By Louise Wild
A few days before Halloween of 2008, I had a bad fall that resulted in four days in the hospital, two and a half weeks in a rehab facility, and several weeks of therapists' home visits. During this experience, I relearned several lessons that I had been ignoring, or to which I was insufficiently paying attention.
Lesson 1 – Appreciate simple things
Being a task-oriented person, I didn't take time to "stop and smell the roses." During my recovery, I was forced to slow down and, in doing so, relearn an appreciation of everyday sights, such as the beauty of nature, one of God's greatest gifts to us. Fall flowers, colorful trees, birds that had not yet migrated, bright sunny days, and clear, star-filled nights were sights I took time to enjoy and for which I was grateful.
Certain everyday experiences became more meaningful to me. Just by getting up in the morning and realizing I had been given another day to spend on this earth made me, as Deepak Chopra wrote, "open to the wonder and delight of living a human life." Being able to linger over my cup of tea and read the daily newspaper more thoroughly felt luxurious to me. My eating habits changed greatly. Rather than rush through a meal, because I had something to do or someplace to go, I ate more slowly and enjoyed the taste of the simplest of foods. A leisurely shower instead of a two-minute rushed one was a treat. Things that I had grown so used to seemed new again.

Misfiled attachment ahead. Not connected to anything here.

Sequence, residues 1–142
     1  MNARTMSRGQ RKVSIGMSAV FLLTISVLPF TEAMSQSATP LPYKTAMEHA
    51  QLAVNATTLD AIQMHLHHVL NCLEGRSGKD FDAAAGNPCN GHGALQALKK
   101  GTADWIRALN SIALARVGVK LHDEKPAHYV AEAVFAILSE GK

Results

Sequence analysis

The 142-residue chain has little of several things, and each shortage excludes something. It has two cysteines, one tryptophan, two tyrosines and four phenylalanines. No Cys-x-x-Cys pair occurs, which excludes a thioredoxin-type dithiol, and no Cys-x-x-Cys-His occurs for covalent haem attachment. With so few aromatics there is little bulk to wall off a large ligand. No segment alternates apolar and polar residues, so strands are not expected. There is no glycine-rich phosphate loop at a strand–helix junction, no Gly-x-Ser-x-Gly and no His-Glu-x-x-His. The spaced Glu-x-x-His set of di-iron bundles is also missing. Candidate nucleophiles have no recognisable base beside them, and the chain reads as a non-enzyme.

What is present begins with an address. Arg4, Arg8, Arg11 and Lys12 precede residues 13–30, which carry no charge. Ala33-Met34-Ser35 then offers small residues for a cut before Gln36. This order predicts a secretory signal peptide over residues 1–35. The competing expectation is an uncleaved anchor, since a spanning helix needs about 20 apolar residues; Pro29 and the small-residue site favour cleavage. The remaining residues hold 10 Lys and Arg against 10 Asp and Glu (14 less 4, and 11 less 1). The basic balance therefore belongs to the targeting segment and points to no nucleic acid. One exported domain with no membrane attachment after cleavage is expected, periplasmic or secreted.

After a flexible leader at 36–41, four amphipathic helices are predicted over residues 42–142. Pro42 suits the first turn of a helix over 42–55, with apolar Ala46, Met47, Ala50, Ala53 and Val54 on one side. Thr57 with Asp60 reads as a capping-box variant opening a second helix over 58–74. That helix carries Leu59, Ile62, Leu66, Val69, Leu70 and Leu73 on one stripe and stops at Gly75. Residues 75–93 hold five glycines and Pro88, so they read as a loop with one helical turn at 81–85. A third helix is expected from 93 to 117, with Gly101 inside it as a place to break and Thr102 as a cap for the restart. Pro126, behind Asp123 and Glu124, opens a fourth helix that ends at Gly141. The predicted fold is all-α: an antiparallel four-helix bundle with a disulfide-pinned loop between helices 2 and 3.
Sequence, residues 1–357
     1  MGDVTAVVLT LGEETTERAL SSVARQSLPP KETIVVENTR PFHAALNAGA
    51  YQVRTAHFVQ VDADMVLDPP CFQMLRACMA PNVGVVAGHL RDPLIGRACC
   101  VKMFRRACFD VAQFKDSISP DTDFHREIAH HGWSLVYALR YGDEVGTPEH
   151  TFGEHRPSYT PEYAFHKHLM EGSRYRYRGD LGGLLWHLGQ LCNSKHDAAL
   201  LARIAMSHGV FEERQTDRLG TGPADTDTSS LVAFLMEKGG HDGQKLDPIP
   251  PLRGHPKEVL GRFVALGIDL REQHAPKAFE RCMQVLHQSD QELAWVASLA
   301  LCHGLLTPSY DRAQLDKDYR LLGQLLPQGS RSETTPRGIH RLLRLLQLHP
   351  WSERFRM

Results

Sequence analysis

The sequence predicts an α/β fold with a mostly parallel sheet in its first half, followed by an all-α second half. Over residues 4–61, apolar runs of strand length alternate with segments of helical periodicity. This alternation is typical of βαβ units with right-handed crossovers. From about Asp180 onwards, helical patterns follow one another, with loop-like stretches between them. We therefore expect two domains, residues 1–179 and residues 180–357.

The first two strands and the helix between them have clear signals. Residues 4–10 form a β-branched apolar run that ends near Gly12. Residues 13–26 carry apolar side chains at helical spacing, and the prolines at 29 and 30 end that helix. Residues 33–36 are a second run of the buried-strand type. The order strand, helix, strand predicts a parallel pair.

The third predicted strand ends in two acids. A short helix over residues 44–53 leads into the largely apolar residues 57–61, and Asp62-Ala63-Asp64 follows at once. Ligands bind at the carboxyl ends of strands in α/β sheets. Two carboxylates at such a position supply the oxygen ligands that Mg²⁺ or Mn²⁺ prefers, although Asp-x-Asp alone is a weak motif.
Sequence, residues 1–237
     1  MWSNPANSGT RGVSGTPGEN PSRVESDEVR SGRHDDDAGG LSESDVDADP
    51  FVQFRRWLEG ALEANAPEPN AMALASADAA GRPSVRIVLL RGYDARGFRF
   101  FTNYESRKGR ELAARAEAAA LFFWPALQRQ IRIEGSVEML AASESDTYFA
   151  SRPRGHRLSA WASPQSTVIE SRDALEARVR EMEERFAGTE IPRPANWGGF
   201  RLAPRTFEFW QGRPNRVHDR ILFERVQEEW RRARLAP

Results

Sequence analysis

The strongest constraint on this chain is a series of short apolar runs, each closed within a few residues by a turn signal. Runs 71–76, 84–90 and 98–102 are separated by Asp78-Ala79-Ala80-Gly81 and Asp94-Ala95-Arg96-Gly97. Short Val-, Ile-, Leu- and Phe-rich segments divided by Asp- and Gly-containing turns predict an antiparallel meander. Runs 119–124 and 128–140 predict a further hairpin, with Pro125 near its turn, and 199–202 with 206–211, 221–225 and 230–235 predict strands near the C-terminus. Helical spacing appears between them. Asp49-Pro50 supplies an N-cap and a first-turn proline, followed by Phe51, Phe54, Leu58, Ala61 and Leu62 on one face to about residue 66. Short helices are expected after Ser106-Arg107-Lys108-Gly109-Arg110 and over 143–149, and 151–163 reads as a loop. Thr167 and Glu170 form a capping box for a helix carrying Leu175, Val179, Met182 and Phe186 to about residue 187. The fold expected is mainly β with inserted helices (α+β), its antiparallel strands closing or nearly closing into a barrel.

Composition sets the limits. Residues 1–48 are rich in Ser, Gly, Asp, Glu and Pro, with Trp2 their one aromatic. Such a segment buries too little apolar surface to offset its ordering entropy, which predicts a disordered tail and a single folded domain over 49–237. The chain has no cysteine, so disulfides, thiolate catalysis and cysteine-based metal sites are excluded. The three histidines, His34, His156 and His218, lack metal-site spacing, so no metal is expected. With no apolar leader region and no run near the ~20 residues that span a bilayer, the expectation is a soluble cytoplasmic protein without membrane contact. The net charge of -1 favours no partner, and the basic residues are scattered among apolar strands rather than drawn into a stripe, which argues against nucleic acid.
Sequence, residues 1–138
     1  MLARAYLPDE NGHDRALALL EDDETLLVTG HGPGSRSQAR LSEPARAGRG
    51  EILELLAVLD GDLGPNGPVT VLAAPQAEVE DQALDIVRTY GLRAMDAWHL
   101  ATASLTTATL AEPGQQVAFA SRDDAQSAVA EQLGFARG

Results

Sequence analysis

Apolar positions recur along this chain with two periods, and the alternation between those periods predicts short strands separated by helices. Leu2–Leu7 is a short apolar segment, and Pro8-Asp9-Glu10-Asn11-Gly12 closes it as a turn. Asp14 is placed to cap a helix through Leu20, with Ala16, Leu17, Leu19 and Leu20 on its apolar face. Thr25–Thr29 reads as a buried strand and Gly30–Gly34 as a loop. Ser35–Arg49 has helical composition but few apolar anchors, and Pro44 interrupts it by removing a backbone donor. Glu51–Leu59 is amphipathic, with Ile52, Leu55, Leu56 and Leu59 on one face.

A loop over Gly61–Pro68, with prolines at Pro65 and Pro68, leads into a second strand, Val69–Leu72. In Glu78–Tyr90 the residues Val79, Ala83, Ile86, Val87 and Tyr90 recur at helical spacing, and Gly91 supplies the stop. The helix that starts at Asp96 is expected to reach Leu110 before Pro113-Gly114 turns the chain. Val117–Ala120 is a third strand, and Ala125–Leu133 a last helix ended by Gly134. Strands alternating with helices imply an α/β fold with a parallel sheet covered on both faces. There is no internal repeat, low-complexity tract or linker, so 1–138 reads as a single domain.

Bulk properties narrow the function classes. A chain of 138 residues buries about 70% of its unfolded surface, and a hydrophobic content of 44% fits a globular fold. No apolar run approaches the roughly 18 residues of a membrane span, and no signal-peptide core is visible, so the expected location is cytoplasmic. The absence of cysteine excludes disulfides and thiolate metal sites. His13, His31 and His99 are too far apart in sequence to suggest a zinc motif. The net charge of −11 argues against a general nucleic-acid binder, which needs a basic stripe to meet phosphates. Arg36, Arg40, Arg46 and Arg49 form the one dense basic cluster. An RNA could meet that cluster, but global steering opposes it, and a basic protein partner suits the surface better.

Lesson 2 – Cherish your friends and family
My family was very solicitous during my whole ordeal. My husband visited the hospital and rehab twice a day, giving up his normal activities, including playing golf. Plus he made calls, did errands, brought me what I needed from home, and generally gave me support. I was so grateful for this. The only other family I have locally is a cousin, whom I see occasionally, but my children and grandchildren called often, and some wrote touching notes. One of my sons even offered to come from quite a distance and build a ramp at our house if I needed one, which I didn't; and one of my daughters was willing to come and get me and bring me to her home in Massachusetts, but that wasn't necessary.
You learn quickly which friends you can count on to be there for you. These friends, including my friends at A.R.E., took time from their busy lives to call, visit, send cards and flowers, and bring me books, magazines, and snacks. They lightened the dreariness of rehab and warmed my heart. I relearned how precious family and friends are, and I wish I could adequately express this sentiment to them.
Lesson 3 – Prayer is powerful
I am convinced that my rapid recovery was due, in large part, to the prayers that were being said for me. The collective effect of prayers of friends, family, the Glad Helpers at A.R.E., and people I didn't even know, was so strong that I couldn't possibly do anything but get better. I could feel that strength urging me on during "down" times, and I realized again that the power of prayer is very real. We have been given examples of that power throughout history, but there's nothing like first-hand experience to really convince one. Prayer is one of the most powerful tools we have to bring about change.
Lesson 4 – Don't let ego rule